10

From Vim's help document (see: :help 'path'):

'path' String(default on Unix: ".,/usr/include,,")

-To search relative to the directory of the current file, use:

:set path=.

-To search in the current directory use an empty string between two commas:

:set path=,,

It seems that . and ,, have no difference in 'path' option. They both mean the current directory.

I cannot understand why we need to put both . and ,, to the path option. What is the difference between :set path=. and :set path=,,?

14

"Current directory" and "directory of the current file" are two different things.

The "current directory" is by default the directory in which you started Vim. You ask Vim what it is with :pwd and change it with :cd or :lcd or by setting the autochdir option. If you never change it, it will stay the same until you close the current session.

The "directory of the current file" is exactly what it claims to be. If the current file is in the "current directory", both have the same value. If the current file is in another directory, they have different values.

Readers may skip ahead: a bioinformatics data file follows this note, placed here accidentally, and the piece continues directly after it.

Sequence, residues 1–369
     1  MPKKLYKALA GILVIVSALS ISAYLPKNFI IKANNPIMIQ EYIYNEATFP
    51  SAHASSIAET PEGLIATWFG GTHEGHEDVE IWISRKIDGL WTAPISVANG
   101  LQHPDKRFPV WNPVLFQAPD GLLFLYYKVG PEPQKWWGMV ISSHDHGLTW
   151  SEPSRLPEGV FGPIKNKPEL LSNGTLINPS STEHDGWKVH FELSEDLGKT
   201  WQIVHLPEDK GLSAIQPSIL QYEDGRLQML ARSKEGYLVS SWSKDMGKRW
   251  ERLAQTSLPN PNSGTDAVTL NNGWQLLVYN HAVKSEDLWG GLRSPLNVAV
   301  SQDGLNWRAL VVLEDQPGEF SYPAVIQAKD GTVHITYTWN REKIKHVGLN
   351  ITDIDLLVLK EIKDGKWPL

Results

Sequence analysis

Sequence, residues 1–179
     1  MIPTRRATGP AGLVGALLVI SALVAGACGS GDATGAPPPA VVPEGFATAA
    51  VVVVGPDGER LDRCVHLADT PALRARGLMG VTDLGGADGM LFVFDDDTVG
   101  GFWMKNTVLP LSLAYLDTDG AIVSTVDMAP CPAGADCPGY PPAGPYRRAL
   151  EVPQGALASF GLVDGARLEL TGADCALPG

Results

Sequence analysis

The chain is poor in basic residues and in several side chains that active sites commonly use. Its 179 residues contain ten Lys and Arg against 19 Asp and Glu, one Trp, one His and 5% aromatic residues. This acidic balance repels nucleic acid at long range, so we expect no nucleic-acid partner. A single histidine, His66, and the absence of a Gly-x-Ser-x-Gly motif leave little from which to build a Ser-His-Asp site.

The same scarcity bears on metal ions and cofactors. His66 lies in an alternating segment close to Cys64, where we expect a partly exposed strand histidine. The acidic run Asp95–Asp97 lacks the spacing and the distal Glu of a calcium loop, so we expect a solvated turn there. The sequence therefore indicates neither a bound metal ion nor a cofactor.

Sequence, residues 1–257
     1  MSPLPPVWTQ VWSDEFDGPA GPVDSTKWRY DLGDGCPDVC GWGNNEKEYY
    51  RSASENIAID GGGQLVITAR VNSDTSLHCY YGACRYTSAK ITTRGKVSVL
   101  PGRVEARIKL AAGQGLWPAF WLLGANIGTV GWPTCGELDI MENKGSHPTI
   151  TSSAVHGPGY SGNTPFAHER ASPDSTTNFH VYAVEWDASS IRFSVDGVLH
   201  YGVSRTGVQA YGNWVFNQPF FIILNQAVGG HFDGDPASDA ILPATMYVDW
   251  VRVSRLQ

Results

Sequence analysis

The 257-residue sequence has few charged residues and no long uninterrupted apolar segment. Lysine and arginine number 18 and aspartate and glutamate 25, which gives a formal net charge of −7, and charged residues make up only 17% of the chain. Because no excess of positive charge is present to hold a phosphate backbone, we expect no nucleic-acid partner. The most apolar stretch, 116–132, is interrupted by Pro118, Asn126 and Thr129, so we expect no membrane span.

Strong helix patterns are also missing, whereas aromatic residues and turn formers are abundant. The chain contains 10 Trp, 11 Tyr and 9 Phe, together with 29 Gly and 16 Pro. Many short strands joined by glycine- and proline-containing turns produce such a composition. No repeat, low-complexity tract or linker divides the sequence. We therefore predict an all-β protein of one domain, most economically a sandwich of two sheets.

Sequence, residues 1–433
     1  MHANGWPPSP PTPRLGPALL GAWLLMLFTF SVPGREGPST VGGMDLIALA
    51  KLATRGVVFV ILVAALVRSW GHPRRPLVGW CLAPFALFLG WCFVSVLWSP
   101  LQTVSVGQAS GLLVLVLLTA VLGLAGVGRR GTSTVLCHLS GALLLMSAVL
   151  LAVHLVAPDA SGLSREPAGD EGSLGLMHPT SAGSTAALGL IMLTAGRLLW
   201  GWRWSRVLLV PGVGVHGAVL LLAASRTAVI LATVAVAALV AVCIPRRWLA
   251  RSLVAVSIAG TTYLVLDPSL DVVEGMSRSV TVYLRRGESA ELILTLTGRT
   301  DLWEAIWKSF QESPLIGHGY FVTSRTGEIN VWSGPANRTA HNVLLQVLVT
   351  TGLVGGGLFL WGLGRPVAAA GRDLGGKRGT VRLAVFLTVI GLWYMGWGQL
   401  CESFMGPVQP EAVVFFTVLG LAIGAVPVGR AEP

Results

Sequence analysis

For path to be useful, it is necessary to address those two scenarios with . and ,,.

Example:

$ cd /foo/bar/baz
$ vim filename
:pwd                   -->  /foo/bar/baz
:echo expand("%:p:h")  -->  /foo/bar/baz
:e ../file
:pwd                   -->  /foo/bar/baz
:echo expand("%:p:h")  -->  /foo/bar
7

The directory of the current file and current directory are two entirely different things (that may, on occasion, have the same value).

Consider:

cd /tmp; vim /etc/bash.bashrc

Unless I have autochdir (or something similar) set, the current directory is /tmp, yet the directory of the current file is /etc.

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